Fresh look at burials, mass graves, tells a new story of Cahokia http://phys.org/news/2016-08-fresh-burials-mass-graves-story.html

-BTW the Brits still make brilliant television.
I have just watched re-runs of two series I missed the first time around; "Luther" and"Sherlock".
Add to that the American films "Inception" and "Source Code" and it looks as if there is still hope for the human race

By birgerjohansson (not verified) on 13 Aug 2016 #permalink

Birger@19 - Yes, Luther and Sherlock are both definitely worth watching; Luther especially for the performances by the stunning British-Nigerian actress Nikki Amuka-Bird.

In the American Sherlock Holmes series, titled Elementary, I couldn't help feeling they were trying really hard for diversity in casting and over-reached themselves. They had an ageing Lucy Liu cast as Watson (in what must be one of the most weird bits of miscasting in modern history), and a little black guy called Jon Michael Hill as the long suffering detective who has to tolerate Holmes' over-the-top bizarre demented behaviour. English actor-cum-marathon runner Jonny Lee Miller, who once managed to stay married to Angelina Jolie for a full 18 months, is cast as Holmes, who is portrayed as a heavily tattooed recovering drug addict. Oh yeah, and Moriarty turns out to be a blonde woman.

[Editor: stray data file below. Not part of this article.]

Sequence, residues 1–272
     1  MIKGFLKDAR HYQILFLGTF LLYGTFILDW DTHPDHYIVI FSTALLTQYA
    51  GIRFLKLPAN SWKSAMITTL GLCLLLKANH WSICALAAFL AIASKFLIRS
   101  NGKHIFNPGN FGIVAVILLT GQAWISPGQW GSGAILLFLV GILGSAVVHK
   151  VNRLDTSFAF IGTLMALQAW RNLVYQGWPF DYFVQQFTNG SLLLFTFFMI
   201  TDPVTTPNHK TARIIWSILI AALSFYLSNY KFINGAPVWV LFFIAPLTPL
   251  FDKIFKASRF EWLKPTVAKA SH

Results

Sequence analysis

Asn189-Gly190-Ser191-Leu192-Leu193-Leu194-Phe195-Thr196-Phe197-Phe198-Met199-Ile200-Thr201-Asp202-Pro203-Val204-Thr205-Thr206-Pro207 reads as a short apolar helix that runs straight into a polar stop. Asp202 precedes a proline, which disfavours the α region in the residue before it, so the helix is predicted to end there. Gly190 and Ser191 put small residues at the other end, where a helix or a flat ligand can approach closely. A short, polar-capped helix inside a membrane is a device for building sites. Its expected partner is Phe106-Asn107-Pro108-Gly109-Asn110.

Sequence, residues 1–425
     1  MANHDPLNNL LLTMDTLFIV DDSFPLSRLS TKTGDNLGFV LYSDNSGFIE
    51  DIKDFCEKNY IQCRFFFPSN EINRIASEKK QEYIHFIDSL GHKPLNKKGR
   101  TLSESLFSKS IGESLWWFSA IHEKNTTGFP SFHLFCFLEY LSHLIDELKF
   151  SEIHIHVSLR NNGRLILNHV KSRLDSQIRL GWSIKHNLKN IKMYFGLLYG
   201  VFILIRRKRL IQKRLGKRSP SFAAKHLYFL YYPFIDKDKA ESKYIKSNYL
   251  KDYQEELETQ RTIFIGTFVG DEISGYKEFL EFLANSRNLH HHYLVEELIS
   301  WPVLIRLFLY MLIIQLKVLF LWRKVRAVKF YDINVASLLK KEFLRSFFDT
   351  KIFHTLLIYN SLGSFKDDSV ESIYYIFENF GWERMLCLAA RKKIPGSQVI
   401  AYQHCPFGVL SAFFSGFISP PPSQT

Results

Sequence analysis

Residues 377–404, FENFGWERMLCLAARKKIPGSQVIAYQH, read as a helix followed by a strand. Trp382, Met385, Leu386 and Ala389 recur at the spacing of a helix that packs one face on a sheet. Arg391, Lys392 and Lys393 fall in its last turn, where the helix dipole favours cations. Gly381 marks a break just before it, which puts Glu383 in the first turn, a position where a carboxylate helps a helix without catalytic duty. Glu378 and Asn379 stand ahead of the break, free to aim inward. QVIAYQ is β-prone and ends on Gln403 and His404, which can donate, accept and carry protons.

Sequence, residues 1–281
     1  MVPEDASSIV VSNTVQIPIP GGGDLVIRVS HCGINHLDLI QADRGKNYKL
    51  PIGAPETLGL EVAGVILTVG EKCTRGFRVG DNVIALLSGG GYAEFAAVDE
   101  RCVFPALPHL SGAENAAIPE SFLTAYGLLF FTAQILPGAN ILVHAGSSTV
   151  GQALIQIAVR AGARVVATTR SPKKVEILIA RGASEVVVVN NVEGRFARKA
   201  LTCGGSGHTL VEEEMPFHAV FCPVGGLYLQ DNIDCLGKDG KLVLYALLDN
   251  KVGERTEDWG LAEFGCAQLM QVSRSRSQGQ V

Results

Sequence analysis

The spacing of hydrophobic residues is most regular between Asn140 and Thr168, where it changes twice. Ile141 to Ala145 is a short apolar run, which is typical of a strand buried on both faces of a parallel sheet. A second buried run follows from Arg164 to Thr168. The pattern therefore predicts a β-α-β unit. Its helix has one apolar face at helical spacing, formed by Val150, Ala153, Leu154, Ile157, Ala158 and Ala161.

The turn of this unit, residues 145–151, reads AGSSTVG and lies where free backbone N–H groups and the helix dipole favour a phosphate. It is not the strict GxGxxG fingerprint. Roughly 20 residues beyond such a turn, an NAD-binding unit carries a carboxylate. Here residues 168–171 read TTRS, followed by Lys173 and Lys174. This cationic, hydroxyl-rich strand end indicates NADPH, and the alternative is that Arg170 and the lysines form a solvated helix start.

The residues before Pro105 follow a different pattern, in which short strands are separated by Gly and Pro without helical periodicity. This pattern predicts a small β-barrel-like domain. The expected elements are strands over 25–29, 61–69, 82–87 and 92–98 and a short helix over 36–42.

In Elementary, the physically small black guy Jon Michael Hill's understated performances steal the show, and he electrifies the screen every time he appears, so much so that they write him increasingly bigger parts as the series progress. The white guy who plays the Police Captain looks like he has a permanent bad hangover, complete with bloodshot eyes.

In terms of recapturing the essence of the original Conan Doyle novels, the American series comes nowhere near to the British series. In stereotypical fashion, the American series Elementary is full of gratuitous sleazy sex that is totally superfluous to the plot, while the British series Sherlock doesn't have any.

By John Massey (not verified) on 13 Aug 2016 #permalink

"Many Indo-European languages have grammatical gender: Spanish, Italian, Portuguese, German, Polish, Russian, and many others."

Is there any which doesn't, apart from English (except that ships are "she")?

"Languages that have two grammatical genders, like the first three and French, force every object to be called “he/him” or “she/her”, and the distinction is arbitrary. German has a neuter gender, but it is also arbitrary: the appropriate pronoun for mädchen, which means “young woman”, is “it”."

This is a consequence that, as in Dutch as well, the diminutive is always neuter.